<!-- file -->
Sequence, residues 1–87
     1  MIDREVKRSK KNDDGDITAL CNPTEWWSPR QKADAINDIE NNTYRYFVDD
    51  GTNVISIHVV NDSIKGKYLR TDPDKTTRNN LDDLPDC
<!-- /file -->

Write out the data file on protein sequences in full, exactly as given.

Sequence, residues 1–87
     1  MIDREVKRSK KNDDGDITAL CNPTEWWSPR QKADAINDIE NNTYRYFVDD
    51  GTNVISIHVV NDSIKGKYLR TDPDKTTRNN LDDLPDC